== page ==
Crewel by Gennifer Albin

Adelice can embroider the very fabric of life and because of this talent she is forced to work as a Spinster for Manipulation Services, which separates Adelice from her family. Adelice loses her freedom as she must work the looms that dictate how people live their lives. She discovers secrets and that her world is built on lies. She sets out to find truths that could get her killed, along with the boy she falls for.

This dystopian novel has a similar plot to most other dystopian stories. There is an oppressive world, a girl with a special talent, a revolution in the making, and a love triangle. What makes this story stand out from others is the world created by the author. There is a lot of depth to how the world functions, however I would have preferred more depth in the character development. I wish Adelice was more unique and the plot more unpredictable. However, the novel ends with a promise of more twists to come which will keep readers intrigued.


The Raven Boys by Maggie Stiefvater

Blue is destined to cause the death of her true love, and on St. Mark’s Eve, she sees the spirit of a boy named Gansey who will die within the year. As a non-seer, the only reason she would see a spirit is because Gansey is her true love or she will kill him. This leaves the reader questioning which one is Blue’s fate. And even though she is warned to stay away from Gansey, she can’t help but get swept up in his adventure to find the sleeping Glendower, who will grant a favor to whoever wakes him. But this is not what the story is about. It’s about the characters. It’s about Blue forming relationships with a group of Aglionby boys with Gansey as their leader. Blue wants to see magic so joins their quest to discover Glendower, and the closer she gets to the boys, the more difficult it gets for her to accept her entwining fate with Gansey.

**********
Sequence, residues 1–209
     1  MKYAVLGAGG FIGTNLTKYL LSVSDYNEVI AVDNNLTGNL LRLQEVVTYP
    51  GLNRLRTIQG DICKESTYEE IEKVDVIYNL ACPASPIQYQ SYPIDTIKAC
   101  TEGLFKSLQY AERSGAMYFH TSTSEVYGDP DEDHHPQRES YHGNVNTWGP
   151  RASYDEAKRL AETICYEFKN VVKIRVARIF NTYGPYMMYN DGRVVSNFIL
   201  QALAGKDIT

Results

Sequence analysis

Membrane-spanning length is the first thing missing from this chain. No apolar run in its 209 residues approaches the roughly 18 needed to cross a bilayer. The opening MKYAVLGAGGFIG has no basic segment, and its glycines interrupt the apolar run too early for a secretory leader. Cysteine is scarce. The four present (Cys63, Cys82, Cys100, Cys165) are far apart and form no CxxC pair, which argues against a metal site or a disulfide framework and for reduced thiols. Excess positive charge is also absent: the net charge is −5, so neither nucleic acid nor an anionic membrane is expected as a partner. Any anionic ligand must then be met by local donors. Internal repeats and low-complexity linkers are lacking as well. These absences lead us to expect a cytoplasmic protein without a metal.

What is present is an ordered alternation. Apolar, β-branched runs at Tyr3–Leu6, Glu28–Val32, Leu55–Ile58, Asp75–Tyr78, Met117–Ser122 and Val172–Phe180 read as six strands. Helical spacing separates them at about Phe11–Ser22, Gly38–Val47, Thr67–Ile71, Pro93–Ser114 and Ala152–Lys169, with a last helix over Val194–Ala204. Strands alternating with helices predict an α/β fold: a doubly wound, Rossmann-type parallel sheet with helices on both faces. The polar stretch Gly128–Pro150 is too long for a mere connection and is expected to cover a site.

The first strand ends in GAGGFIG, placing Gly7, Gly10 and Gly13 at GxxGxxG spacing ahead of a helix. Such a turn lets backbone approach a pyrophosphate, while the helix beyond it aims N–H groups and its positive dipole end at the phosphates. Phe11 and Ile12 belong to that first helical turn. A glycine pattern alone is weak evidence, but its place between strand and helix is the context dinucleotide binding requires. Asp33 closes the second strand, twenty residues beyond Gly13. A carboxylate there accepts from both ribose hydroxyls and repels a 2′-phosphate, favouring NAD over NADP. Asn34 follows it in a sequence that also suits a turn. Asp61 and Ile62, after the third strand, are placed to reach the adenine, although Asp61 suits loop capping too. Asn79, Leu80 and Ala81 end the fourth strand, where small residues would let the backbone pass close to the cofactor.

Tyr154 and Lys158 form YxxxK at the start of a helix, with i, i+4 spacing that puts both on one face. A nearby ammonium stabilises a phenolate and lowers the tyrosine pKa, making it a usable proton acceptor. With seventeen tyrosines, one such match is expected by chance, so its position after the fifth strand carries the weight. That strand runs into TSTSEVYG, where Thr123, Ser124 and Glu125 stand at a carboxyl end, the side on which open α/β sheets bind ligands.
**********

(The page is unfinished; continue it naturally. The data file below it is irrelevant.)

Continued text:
This story is full of subtle promises. The story starts out slow and the search for Glendower is only just beginning as the book ends, but what the novel does well is make you care about the characters. Stiefvater’s writing makes you feel invested in what happens to these boys and what happens to Blue. When the novel is finished, readers will be wanting the next book of the series, wondering how the characters get to their prophesied fates.